Inspirations from History: Edward Seymour

Edward Seymour Earl of Hertford and Duke of Somerset is a man who has interested me now for a very long time, especially the events leading up to his fall from grace and execution. Of course you all know of my love for his wife Anne Stanhope, Duchess of Somerset and I just have a huge fascination not only with her but of Edward’s reign as Protector, and how he fell from Grace. I’m not going to lie, the Showtime TV series The Tudors inspired me to start reading more on Edward Seymour despite the fact I knew quite a lot about him anyway. It helped that I adored the on screen relationship (or lack thereof!) between Edward Seymour and his wife.

So who was Edward Seymour?
  • He was born in around 1506 to Sir John Seymour and Margery Wentworth
  • In around 1527 he had his first marriage to Catherine Filliol annulled on the grounds of adultery.
  • He married Anne Stanhope before March 1534
  • 5th June 1536, he was made Viscount Beauchamp
  • 15th October 1537 he was made Earl of Hertford.
  • Edward became Lord Protector upon the death of Henry VIII and the ascension of the boy king Edward VI. Henry’s will did not include provision for a Protector, rather for the government to be looked after by a Regency Council however a few days after Henry’s death the council decided to give Seymour almost regal power and 13 of the 16 council members agreed for him to take the post of Protector.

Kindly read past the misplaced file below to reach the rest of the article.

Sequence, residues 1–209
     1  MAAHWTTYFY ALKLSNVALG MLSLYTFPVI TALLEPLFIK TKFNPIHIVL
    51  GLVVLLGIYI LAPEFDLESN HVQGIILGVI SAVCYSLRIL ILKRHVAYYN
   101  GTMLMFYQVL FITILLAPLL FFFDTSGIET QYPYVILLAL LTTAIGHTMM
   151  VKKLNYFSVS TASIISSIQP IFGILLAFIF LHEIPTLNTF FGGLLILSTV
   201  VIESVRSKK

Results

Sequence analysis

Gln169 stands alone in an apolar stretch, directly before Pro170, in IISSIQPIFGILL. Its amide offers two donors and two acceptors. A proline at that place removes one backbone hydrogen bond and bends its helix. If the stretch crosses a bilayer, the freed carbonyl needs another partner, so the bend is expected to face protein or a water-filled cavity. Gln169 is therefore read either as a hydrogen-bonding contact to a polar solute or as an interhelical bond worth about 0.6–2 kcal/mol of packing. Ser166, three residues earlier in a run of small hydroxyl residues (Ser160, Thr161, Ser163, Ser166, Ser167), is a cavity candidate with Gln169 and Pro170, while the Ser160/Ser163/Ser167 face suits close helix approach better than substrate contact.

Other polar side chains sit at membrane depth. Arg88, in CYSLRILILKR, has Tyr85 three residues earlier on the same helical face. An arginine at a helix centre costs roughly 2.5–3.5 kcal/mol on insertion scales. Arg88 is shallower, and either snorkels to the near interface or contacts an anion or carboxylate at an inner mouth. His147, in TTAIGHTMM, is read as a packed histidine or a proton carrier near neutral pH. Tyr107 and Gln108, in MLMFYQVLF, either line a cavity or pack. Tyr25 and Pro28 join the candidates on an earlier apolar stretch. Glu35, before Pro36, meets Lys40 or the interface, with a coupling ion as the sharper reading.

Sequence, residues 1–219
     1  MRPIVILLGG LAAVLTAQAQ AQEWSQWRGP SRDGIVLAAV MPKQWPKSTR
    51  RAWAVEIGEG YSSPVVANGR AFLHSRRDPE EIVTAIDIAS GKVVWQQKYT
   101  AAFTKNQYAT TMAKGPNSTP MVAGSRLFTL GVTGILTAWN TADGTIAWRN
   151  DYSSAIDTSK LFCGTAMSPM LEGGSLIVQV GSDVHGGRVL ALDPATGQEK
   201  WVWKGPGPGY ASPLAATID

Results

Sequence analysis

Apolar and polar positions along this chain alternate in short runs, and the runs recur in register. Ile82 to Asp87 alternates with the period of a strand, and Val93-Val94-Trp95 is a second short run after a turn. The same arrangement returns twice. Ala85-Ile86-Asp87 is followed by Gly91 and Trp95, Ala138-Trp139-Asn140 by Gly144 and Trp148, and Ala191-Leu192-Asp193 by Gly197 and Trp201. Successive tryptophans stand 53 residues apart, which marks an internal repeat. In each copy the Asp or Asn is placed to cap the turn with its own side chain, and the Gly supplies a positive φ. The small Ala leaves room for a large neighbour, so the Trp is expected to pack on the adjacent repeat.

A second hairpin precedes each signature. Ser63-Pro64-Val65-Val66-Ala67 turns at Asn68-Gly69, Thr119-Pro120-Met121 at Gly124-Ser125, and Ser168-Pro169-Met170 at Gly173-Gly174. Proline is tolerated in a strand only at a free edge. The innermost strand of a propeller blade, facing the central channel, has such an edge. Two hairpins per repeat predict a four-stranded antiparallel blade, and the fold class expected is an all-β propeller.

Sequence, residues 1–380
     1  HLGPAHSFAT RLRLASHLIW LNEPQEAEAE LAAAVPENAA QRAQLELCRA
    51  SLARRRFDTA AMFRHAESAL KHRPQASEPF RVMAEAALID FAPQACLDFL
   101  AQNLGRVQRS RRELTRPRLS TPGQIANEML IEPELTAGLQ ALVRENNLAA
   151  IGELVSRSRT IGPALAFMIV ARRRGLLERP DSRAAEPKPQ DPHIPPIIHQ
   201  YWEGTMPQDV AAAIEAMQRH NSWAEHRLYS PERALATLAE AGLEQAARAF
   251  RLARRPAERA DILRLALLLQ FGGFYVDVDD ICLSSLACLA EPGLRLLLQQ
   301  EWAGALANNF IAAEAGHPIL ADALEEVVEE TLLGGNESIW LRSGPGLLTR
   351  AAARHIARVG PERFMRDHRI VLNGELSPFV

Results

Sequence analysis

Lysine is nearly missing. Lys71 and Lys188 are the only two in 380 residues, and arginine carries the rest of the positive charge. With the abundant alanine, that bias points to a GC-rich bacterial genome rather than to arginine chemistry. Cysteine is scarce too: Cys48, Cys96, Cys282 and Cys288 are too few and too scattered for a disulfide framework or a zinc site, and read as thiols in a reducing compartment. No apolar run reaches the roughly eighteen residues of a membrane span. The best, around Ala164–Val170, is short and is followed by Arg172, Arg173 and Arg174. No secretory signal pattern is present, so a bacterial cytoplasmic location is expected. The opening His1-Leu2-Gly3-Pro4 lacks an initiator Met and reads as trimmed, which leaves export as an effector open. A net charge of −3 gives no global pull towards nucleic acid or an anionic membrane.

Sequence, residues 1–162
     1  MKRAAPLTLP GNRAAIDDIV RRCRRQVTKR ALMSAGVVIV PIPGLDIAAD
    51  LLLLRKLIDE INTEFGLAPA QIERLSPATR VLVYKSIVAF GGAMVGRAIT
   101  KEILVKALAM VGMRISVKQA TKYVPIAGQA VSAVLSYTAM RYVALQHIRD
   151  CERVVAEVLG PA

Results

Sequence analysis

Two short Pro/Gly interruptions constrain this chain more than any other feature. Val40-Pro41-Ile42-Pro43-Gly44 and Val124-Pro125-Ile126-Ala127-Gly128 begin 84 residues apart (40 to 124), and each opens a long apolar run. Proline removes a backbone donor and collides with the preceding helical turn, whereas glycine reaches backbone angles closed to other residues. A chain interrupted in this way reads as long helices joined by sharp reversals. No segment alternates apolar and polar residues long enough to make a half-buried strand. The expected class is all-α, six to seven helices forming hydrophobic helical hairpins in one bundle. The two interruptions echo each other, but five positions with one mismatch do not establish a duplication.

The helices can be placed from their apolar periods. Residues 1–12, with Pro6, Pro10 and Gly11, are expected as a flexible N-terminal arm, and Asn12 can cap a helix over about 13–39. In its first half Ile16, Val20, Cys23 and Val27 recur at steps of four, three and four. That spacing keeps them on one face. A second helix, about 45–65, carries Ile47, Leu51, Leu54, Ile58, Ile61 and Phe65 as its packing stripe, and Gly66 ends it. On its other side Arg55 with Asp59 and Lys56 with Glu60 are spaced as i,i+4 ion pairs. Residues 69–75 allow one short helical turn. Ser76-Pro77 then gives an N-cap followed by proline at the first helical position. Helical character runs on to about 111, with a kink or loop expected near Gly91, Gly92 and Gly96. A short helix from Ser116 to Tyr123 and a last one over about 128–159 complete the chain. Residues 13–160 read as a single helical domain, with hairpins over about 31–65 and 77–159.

• Edward’s brother Thomas wanted a share of the power, and Edward tried buying him off but Thomas was hell bent on getting power, he began smuggling pocket money to the King. In 1549 after Thomas kept vying for power, and scheming to marry the Princess Elizabeth, the council had Thomas arrested. He was condemned by act of attainder due there being a lack of evidence for treason, and he was beheaded on 20th arch 1549.
  • Edward Seymour was an exceptionally skilled soldier, with a special interest in the war with Scotland. Due to his skill the English won a decisive victory at the Battle of Pinkie in 1547.